Argentina is one of the largest economies in South America. In recent years, the government has focused in promoting economic development along with social inclusion with the support of the World Bank.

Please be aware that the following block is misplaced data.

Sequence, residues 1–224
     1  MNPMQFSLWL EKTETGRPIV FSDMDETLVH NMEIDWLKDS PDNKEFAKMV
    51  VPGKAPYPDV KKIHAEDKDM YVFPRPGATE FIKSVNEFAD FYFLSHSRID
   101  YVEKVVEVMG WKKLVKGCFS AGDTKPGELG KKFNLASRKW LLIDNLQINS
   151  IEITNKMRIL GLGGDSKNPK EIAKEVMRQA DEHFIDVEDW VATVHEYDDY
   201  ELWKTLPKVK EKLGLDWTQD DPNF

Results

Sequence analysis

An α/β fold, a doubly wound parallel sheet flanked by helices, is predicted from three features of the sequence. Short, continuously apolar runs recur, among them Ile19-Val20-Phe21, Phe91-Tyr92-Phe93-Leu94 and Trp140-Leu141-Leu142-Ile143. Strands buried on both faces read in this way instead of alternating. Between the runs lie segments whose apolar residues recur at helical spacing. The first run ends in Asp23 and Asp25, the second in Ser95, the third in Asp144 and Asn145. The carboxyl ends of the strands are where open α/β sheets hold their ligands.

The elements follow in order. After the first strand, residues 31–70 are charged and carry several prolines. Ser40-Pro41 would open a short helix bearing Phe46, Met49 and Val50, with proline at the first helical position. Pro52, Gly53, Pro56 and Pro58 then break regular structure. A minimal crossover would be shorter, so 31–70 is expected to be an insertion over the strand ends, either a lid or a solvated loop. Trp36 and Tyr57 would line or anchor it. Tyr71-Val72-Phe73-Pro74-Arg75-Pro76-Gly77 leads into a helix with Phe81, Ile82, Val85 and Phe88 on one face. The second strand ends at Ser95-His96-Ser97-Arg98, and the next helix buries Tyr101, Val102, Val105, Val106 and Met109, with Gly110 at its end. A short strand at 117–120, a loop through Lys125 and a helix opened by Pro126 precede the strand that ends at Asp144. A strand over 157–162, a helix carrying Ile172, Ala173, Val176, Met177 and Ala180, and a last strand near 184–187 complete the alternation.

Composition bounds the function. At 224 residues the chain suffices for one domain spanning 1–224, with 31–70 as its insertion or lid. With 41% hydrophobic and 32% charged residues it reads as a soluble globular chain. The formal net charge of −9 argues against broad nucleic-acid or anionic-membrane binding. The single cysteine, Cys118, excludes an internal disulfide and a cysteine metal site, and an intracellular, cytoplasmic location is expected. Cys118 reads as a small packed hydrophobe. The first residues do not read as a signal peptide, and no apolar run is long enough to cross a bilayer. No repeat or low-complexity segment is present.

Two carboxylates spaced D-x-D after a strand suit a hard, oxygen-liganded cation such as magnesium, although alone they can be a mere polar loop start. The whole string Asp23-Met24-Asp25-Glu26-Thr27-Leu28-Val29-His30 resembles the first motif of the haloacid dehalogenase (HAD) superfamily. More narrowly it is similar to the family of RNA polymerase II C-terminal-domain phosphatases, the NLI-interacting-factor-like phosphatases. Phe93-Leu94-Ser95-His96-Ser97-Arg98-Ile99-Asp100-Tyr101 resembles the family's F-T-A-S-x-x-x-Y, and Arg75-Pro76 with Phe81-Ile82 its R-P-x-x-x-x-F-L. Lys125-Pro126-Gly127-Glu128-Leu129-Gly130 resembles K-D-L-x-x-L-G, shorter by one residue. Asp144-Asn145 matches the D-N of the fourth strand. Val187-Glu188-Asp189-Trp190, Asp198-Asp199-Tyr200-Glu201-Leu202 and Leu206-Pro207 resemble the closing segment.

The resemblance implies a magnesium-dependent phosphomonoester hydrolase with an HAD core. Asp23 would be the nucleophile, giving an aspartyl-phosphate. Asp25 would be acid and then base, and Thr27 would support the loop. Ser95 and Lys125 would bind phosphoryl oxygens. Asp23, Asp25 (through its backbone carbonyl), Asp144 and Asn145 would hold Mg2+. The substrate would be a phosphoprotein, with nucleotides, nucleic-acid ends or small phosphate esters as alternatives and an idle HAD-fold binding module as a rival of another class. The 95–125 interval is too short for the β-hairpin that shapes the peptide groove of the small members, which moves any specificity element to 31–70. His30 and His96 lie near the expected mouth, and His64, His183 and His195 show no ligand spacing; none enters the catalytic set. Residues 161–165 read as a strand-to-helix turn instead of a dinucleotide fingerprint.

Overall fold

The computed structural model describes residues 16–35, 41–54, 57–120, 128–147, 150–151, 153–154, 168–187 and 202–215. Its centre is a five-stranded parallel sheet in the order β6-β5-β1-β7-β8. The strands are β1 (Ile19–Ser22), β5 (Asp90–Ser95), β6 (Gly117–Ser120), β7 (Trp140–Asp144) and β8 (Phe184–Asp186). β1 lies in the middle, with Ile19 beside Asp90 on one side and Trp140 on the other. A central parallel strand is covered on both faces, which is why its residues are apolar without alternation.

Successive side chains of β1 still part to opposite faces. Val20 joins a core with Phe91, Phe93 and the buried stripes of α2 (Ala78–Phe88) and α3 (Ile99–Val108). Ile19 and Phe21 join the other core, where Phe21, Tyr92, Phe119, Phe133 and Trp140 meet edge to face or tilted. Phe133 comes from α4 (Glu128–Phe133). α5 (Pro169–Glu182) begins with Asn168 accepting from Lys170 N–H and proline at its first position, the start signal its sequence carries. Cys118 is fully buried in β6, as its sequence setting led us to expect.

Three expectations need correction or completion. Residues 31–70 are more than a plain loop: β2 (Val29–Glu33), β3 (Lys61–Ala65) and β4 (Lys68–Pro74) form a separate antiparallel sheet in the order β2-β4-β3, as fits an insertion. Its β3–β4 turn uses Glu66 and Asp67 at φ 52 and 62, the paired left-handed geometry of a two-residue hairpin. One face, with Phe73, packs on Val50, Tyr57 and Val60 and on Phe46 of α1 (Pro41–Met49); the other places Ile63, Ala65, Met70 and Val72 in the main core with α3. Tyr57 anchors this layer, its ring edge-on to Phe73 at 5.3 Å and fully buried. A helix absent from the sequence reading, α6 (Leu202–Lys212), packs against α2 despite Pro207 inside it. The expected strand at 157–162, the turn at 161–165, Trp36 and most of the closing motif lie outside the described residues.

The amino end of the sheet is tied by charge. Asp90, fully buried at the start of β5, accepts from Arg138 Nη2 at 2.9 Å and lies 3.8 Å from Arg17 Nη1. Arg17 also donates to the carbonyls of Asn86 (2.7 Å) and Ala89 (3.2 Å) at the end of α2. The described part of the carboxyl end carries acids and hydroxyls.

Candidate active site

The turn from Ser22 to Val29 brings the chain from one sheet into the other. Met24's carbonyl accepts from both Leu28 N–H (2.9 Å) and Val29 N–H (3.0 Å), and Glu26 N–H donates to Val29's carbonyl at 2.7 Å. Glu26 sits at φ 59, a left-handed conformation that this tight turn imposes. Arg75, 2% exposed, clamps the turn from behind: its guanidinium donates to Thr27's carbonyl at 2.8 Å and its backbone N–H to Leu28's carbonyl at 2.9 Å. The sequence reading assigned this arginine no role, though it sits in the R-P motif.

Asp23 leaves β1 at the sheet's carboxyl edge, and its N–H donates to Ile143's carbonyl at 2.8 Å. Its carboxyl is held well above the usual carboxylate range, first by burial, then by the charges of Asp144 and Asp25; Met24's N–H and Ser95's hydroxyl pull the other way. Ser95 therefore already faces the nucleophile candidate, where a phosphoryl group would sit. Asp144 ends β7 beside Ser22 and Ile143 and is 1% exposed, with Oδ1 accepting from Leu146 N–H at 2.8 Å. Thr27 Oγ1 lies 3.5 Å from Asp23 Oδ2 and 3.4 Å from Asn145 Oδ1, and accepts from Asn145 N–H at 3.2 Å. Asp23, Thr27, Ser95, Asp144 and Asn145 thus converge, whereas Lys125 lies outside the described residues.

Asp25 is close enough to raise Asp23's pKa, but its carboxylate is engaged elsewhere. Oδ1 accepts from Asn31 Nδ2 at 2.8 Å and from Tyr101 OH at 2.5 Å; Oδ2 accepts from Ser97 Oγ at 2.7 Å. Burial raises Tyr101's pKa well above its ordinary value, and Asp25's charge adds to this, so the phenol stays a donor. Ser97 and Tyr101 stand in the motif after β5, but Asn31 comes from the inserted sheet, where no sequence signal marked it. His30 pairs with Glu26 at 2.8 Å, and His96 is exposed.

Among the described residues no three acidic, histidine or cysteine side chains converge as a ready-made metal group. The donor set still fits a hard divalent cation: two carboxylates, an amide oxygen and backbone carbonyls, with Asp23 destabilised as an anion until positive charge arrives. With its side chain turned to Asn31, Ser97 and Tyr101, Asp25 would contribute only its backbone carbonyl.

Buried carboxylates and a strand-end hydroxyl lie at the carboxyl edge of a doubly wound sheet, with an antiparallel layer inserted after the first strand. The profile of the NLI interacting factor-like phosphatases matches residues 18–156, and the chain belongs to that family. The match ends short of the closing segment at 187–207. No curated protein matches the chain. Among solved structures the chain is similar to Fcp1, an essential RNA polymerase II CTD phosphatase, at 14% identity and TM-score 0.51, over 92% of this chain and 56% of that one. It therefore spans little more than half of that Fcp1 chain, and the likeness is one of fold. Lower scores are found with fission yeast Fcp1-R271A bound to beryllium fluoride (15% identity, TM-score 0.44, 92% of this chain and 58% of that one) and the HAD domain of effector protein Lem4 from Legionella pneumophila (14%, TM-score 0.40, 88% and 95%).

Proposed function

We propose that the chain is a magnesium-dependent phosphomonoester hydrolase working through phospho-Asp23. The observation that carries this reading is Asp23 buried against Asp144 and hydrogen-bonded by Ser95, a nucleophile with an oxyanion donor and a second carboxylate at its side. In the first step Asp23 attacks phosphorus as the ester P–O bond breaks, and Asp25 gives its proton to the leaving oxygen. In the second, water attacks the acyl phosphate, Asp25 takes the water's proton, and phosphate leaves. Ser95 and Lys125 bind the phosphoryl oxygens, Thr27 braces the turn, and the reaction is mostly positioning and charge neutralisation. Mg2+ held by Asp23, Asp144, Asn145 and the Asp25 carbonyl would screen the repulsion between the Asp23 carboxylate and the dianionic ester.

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Q: What explains this lack of skills?R: A recent McKinsey global study demonstrated that 72% of educators surveyed felt that they had adequately prepared young people for the labor market, yet just 42... Show More +% of employers believed that recent graduates were adequately prepared. Compared with the other countries studied, the difference in perceptions was particularly marked in two Latin American countries (Mexico and Brazil).The exact causes of the lack of skills are not clear. But there are some theories. First, the quality of education: the skills acquired do not meet the standards or the needs of the labor market. Second, schools are only just beginning to change teaching practices to teach high-level cognitive skills, which are learned through active problem-solving, teamwork and project-based learning. Third, throughout the world, teaching socio-emotional skills has been left to the home environment. We recently completed a study which found that primary school is the ideal time to teach these skills, followed by high school (during turbulent adolescence).Q: How can we improve the link between universities and companies or organizations?R: That seems like a simple question but it actually poses many challenges in practice. We are seeing that employers’ organizations give better guidance to the education sector when they have an immediate interest in the process. In many developed countries, educators and universities form partnerships for research, implement student internships in the companies and share professionals when employers give classes at universities. Latin America has many opportunities to expand on these arrangements to ensure that universities are more present in companies and vice versa.Q: According to the ILO, youth unemployment is 13.9%. Additionally, six of every 10 Latin American youth can only find work in the informal sector. What can be done to improve this situation?R: Statistically, if we look at the number of youth who enter the labor market in a particular year, Latin American youth are no worse off than adults who change jobs. They make the transition at the same rate as adults. The high numbers appear to originate from the fact that too many people are looking for work at the same time; it takes time for the labor market to absorb them all. Of course, this varies by country. In some labor markets, such as that of Argentina, youth face long periods of unemployment. But so do adults. In that case, it is an overall employment issue rather than a specific problem of youth.Second, employment in the informal sector. It is quite easy to enter the informal sector, which provides opportunities to develop skills and the coveted job experience so often necessary for future employment. The statistics show that, over time, many young people “graduate” from the training received in the informal sector to move on to the formal sector. But not all youth reach this step and they remain in the informal sector for much longer. This situation is actually a reflection of a wider problem with labor market structures rather than with education quality, although these two concepts are related, of course. Show Less -